Thieving employees can destroy a business that took years of blood-sweat-tears to build. Not only do the owners suffer but all the honest-hard working staff who could lose their jobs.
There are 100′s of articles on businesses nearly losing all due to employee theft – below are just a small collection.
What becomes apparent while reading the articles is the amount of trust owners and managers grant employees – sometimes ignoring the obvious signs of theft because they cannot believe the “trusted” employee could “do that to them”.
Showing that you trust an employee can provide a loyal and long lasting relationship but can also breed opportunity.
In order to reduce theft within the work place I have provided some security processes you should implement.
Separation of Duties
All critical tasks such as banking, payroll and billing should be managed by more than one employee. For example all payments to suppliers/contractors/customers must have two signatories for sign-off. A summary of the accounts should be automatically emailed to a senior manager including audit events (audit events should record all additions, modifications and deletions done by the system and users. The audit logs cannot be altered by anyone including administrators. So if an employee covers up their theft by changing or deleting records within the accounts system the audit logs will show all events).
Separation of duties provides a business with the ability to remove the chance of having one person within the business in complete control of a critical process(s). There should be no employee that has the “is the only one that knows how to do this” role.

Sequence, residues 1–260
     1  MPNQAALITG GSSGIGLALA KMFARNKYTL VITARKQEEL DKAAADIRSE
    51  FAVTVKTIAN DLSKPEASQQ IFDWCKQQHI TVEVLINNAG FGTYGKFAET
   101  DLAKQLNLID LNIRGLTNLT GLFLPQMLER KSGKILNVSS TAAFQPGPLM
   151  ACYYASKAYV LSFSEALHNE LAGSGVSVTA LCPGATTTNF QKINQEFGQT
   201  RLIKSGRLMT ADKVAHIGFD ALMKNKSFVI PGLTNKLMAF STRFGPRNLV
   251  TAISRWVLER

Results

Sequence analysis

Job rotation is the process of rotating employees among numerous jobs within the business. It maybe hard within a small business where there are limited staff and/or jobs but even having the marketing person hangout with the payroll person for a day can offer some benefits.
Job rotation provides two core benefits:
1) Provides a type of knowledge redundancy whereby if the payroll’s person gets run over by a bus another person who worked within that role for a period can take over while a suitable replacement is located.
2) Moving an employee around reduces the risk of fraud, theft, sabotage etc.. The longer an employee works within the same role, the more likely they will identify holes in the process to hide illegal activity.
Have you ever had an employee that refuses to go on holiday or allow anyone to take over their role for even a small period? That should raise alarm bells. Many cases of theft within a business identify that the staff member was in complete control of their tasks and hardly took any holidays sometimes for years on end.
By forcing all employees to take a holiday every year a business can not only audit all work done by the employee but allow another employee to learn the tasks as well – fulfilling the “Job Rotation” requirement.
Document the Tasks for a Process
By documenting in detail the steps for every process within a role the following benefits are provided:
1) A training manual for any new employees taking on the role.
2) A great resource for auditors reviewing the employee.
Principle of least privilege
The Principle of least privilege is applied within security to make sure that a person is not assigned rights and privileges they do not need to fulfil their role. For example having the employees use an admin level account on their desktop computer is a big no-no because it allows them to add, delete and modified software installed on their machines – which increases the damage malware can do on the computer and network.
An employee should only be allocated the rights and privileges they need to fufill their role – no more.
On top of that long term employees may also accumulate all kinds of rights and privileges as they change roles throughout their employment. This is called “privilege drifting” meaning the employees rights and privileges drift to each new role. This is why every employee must be audited (while they are on holiday!) so all access, rights and privileges not removed from previous roles and not needed anymore are removed.
If you reflect on an employee who uses an account on a networked business computer with full admin rights and also has accumulated over the years all kinds of rights and privileges from every role they did and none where removed – then goes “rogue” you can see where theft can be quite easy.
So in summary employee theft can be dramatically decreased by just implementing a few basic security practices.